ShareThis Page
Exhibit spotlights handmade textiles |

Exhibit spotlights handmade textiles

| Friday, October 25, 2002 12:00 a.m

Kristen Rockwell journeyed halfway around the world to find the Pittsburgh artist she is featuring in a new exhibit at her Squirrel Hill textile gallery.

As owner of O’Bannon Oriental Carpets, Rockwell often travels to make purchases for her store. But earlier this year, she combined a business trip with pleasure by attending a felt-making workshop with world-renowned felt master Mehmet Giraic in Konya, Turkey.

“I signed up with a friend as a way of furthering my own artistic needs,” Rockwell says. “I love to learn new textile techniques.”

While there, she met Karen S. Page, an accomplished fiber artist from the North Side’s Mexican War Streets, who had traveled to Turkey to enhance her knowledge of a craft she already has practiced for many years.

Rockwell and Page will display their felt rugs in the “Falling for Felt” exhibit beginning Nov. 2 at O’Bannon Oriental Carpets.

Page has taught felt-making classes at the Society for Contemporary Craft in the Strip District and at the Pittsburgh High School for the Creative and Performing Arts, where she is a member of the visual arts department faculty. She also has exhibited her artwork extensively, at Pittsburgh Center for the Arts in Shadyside and most recently at the Mattress Factory on the North Side.

Page, who made her first trip to Turkey along with a few of her adult students, says the experience was “really like walking into the past.” The process of making hand-felted wool is an ancient technique practiced for thousands of years, she says.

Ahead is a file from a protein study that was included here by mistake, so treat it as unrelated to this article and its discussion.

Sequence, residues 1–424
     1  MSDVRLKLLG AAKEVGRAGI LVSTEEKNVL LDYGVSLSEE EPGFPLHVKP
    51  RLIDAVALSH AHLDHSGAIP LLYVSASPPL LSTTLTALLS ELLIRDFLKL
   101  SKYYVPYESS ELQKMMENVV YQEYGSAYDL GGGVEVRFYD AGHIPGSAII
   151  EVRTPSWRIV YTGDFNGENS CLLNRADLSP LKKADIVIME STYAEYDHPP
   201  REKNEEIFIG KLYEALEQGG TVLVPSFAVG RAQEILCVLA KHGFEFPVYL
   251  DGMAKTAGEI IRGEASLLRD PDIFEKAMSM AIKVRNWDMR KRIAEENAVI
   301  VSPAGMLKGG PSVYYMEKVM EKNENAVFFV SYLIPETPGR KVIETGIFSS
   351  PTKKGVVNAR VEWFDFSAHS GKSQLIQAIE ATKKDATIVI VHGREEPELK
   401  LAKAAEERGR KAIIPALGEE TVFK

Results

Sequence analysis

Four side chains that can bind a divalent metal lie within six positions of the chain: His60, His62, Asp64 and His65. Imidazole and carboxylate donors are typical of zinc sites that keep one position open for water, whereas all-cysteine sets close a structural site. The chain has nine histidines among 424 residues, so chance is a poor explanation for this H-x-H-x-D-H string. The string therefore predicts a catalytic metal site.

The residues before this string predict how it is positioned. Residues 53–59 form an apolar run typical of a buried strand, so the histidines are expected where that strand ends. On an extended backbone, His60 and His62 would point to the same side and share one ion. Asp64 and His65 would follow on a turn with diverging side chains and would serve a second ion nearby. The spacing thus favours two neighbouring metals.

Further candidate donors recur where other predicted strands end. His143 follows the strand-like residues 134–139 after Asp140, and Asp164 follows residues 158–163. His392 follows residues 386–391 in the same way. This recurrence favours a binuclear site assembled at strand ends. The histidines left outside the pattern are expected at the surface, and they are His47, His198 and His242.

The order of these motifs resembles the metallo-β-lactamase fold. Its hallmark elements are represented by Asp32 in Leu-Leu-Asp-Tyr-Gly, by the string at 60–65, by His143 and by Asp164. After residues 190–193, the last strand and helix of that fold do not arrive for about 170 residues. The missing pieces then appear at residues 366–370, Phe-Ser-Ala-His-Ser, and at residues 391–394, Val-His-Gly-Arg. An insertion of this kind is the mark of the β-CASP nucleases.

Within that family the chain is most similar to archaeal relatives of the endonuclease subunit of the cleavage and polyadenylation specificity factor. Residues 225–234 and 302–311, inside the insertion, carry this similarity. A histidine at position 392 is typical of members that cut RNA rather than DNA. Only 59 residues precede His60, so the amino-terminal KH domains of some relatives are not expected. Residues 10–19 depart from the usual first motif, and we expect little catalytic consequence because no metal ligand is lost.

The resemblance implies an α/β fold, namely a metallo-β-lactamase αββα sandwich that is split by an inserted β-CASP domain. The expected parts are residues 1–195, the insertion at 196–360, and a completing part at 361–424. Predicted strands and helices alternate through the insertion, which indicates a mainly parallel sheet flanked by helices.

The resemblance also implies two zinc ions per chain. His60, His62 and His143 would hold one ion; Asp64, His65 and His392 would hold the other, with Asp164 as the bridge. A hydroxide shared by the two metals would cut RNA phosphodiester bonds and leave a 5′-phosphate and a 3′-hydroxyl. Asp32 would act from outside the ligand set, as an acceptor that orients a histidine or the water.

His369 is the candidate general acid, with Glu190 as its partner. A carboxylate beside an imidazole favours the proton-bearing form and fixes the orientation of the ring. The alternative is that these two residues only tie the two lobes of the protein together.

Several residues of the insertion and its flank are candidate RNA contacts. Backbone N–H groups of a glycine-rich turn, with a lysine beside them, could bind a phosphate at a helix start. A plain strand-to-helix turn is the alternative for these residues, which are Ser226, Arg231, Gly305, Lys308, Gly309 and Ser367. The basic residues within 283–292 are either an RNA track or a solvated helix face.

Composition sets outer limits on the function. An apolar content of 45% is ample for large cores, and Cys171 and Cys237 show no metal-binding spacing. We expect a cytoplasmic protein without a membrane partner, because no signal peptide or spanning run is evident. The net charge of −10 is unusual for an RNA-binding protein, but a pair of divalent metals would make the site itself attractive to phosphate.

Some sources say felt is believed to be the first man-made fabric. In other parts of the world — including the middle-eastern province of Konya — felt still is used for housing material, clothing and footwear.

“Felt is a universal material because of its versatility,” Rockwell says. “It is warm and waterproof, so it is ideal for clothing, shelter or floor covering.”

Their teacher, Mehmet Giraic, is famous in Konya as a maker of the felt hats worn by the whirling dervishes. The dervishes are a segment of the Sufi sect of Islam, whose religious ritual includes whirling rapidly during prayer ceremonies.

Page says the historical significance of felt extends to the nomadic lifestyle of shepherds, for whom the material was an important textile. “They would raise sheep, shear them without having to kill them and use the felted wool to cover their homes and as blankets, boots, hats and coats,” she says. Felt making is “a very low-tech process,” she adds, because it does not require a loom and is done by hand.

The process is time-consuming, Rockwell says. The traditional method of felt making is a labor-intensive, four-day-long project. “The first day, the pattern and colors are placed on a reed mat,” she says. “The next step is like whipping cotton candy out of dried fleece to physically change the fluffy fleece into felt.”

Rockwell says that for three days, eight hours a day, she worked on kicking the mass, rolling it like dough and steaming it. “Heat and water cause the felt to shrink,” she says. “You have to keep moving it to condense the fibers.”

She adds that the grueling process was the most physical exercise she has experienced, and she acquired severe brush burns on her arms.

Rockwell says the artistic process “gave me a real respect for felt and the work involved in making it.” Each student chose dyed felt to create colors and designs for a small rug, which they brought home with them and will be in the exhibit.